Water Safety Advice
As the weather gets warmer, more people are tempted to cool off with a swim in a local river, canal, reservoir or lake. However, all too often, even the strongest swimmers quickly get into trouble, sometimes with devastating consequences.
What are the dangers of swimming in canals, reservoirs, rivers and lakes?
- The water is often a lot colder than you expect and it can impact on your physical capabilities. Just because you can swim well in a warm watered pool doesn't mean you'll be able to swim well in cold water.
- It can be deep and it is difficult to estimate the depth before you get in.
- You may jump in but can you get out? Often people can't find a suitable place to get out of the water due to steep slimy banks or sides.
- There is no way of knowing what lies beneath the surface of the water. There could be shopping trolleys, opened tin cans or broken bottles.
- If it is polluted, it could make you ill.
- There may be hidden currents.
- There is no supervision by lifeguards to help you if get into trouble.
- Never drink alcohol during or just before swimming or while carrying out activities such as boating or water skiing.
Want to know the chilling facts about swimming in reservoirs? - You'll find them right here
What about swimming at the beach?
When you are swimming at a beach, beware of which flag is flying as this will warn you of any dangers. Here is what to look for:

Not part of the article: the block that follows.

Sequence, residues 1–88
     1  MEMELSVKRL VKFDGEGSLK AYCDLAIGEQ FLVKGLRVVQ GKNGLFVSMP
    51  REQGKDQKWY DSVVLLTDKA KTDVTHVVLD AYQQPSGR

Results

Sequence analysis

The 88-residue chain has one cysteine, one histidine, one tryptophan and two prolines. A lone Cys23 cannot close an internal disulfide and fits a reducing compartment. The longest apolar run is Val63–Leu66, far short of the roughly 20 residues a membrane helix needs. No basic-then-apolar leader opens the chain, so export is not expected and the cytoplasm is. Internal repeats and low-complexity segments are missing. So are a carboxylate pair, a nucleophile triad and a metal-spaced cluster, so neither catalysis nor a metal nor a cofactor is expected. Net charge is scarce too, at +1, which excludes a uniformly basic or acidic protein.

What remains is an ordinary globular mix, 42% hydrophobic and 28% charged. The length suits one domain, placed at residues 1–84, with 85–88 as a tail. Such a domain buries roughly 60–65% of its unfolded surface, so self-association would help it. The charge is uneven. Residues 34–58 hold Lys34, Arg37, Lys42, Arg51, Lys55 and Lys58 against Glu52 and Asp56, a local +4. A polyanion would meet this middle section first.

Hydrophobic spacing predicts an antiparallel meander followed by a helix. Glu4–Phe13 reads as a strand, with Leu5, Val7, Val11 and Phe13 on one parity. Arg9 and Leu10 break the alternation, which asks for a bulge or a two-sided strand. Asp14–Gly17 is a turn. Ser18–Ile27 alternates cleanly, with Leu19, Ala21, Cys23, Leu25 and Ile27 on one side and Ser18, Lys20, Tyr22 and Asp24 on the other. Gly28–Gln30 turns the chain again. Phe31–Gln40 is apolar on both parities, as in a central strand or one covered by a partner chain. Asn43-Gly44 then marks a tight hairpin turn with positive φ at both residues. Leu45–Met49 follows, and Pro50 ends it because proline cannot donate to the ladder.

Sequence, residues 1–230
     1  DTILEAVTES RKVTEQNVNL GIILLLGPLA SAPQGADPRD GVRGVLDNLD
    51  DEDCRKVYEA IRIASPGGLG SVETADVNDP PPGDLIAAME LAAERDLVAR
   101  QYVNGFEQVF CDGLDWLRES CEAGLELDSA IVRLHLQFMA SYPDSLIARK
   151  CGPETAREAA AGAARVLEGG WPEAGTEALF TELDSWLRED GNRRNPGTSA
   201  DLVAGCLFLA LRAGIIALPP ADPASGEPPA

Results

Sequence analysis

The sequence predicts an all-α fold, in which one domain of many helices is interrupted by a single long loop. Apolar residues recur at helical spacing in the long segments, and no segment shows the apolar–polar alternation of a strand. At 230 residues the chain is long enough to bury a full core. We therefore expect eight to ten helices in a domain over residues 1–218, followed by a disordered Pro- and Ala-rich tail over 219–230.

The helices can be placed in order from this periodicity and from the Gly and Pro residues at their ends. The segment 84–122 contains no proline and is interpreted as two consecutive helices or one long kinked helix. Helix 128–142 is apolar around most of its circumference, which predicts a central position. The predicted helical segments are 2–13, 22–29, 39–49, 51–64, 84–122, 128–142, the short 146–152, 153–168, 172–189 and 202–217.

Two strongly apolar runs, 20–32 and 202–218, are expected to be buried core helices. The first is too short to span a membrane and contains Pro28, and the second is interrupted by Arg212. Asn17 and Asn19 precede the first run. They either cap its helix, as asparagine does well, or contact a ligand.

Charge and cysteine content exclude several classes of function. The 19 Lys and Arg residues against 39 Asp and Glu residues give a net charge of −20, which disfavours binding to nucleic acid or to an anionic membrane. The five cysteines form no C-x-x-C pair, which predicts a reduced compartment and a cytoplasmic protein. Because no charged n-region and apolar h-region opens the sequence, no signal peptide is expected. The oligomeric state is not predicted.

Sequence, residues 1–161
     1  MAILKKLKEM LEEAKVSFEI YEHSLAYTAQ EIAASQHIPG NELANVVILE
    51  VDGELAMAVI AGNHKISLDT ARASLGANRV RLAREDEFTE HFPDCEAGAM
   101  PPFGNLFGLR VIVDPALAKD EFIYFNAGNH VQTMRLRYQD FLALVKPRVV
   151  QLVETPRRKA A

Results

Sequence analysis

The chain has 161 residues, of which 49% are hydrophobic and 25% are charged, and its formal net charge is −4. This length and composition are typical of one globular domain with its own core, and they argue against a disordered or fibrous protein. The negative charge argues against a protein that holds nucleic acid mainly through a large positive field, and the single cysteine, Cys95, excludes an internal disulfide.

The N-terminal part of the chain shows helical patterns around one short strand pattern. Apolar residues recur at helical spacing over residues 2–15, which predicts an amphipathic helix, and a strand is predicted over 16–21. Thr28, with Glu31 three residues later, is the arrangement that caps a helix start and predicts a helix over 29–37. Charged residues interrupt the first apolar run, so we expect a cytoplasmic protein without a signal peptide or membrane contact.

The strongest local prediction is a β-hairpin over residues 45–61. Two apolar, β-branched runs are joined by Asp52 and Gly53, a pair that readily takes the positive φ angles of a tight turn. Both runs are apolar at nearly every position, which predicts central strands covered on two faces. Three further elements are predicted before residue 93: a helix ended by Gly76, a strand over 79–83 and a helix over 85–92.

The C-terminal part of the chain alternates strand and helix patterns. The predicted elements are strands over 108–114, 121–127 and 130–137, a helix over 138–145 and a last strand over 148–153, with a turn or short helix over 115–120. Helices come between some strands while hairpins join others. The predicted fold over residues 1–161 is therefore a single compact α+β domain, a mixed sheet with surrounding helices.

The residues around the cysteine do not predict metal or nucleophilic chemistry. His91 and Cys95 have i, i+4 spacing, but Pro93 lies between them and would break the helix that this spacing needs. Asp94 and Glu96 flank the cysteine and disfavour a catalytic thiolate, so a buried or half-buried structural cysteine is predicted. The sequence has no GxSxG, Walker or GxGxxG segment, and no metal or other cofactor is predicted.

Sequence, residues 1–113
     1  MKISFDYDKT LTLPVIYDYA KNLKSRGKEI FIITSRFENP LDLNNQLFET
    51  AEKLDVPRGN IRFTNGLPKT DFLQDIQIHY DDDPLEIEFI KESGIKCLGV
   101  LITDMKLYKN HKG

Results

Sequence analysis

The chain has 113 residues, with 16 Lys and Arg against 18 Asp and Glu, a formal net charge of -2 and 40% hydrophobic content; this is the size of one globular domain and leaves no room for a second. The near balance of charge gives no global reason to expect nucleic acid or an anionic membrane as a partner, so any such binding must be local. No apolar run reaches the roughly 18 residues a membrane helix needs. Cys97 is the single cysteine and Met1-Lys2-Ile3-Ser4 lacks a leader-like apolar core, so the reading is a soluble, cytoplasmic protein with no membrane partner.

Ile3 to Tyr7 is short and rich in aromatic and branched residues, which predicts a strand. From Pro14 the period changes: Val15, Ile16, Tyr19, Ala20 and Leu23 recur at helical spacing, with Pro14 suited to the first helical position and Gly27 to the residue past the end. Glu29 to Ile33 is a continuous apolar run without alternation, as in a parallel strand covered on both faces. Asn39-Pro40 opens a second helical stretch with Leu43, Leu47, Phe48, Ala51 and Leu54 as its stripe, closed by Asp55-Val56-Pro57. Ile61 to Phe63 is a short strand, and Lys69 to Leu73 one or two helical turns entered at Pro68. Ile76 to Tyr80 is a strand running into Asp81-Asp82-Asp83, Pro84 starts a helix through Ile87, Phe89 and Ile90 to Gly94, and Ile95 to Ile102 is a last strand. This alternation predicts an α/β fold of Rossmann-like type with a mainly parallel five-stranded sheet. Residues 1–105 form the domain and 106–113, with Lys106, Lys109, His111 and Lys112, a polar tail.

- Red and yellow flags - lifeguards on patrol.
- Red flags - it's dangerous to bathe or swim so don't go into the water.
- Quartered black and white flags - the area has been zoned for surf crafts and Malibu boards. It is not safe for swimmers and bathers.
- Children should always go to the beach with an adult. An adult can point out dangers or help if somebody gets into trouble.
What should I do if I see someone in difficulty?
If you see someone in difficulty in the water, use your mobile or go to the nearest telephone and dial 999. Ask for the Fire and Rescue Service at inland water sites and the Coastguard at the beach. Look for any landmarks that you could describe to the operator, and explain as clearly as possible where you are. If there is something you could reach out to the person with, such as a branch, lie on the bank and keep yourself safe whilst you try to reach them. NEVER lean out over the water or enter the water to try and help - you are likely to get into difficulty yourself.
Enjoy water safely
Almost half of the people who drown in UK waterways didn’t intend to enter the water at all. A quarter of people who drown have been found to have alcohol in their system. In Greater Manchester, Greater Manchester Fire & Rescue Service (GMFRS) is often called out to help people who have found themselves in trouble in open water after drinking alcohol, and have decided to make their way home along canals or river paths. Tragically it is often too late to save the person, and lives are needlessly lost every year. This spring, GMFRS have teamed up with the Royal Life Saving Society to raise awareness of the dangers of drinking alcohol around open water, and have produced a leaflet and poster which can be downloaded here:
Leaflet: Don’t Drink and Drown
Poster: Alcohol and Water Safety
Use your local swimming pool and find out if there are organised, supervised water sports activities in your area.
For further information visit: http://www.rospa.com/leisuresafety/adviceandinformation/watersafety/default.aspx
In July 2011, 13 year old Dylan Ramsay went swimming with his friends in a local quarry. See Dylan's Story here >>>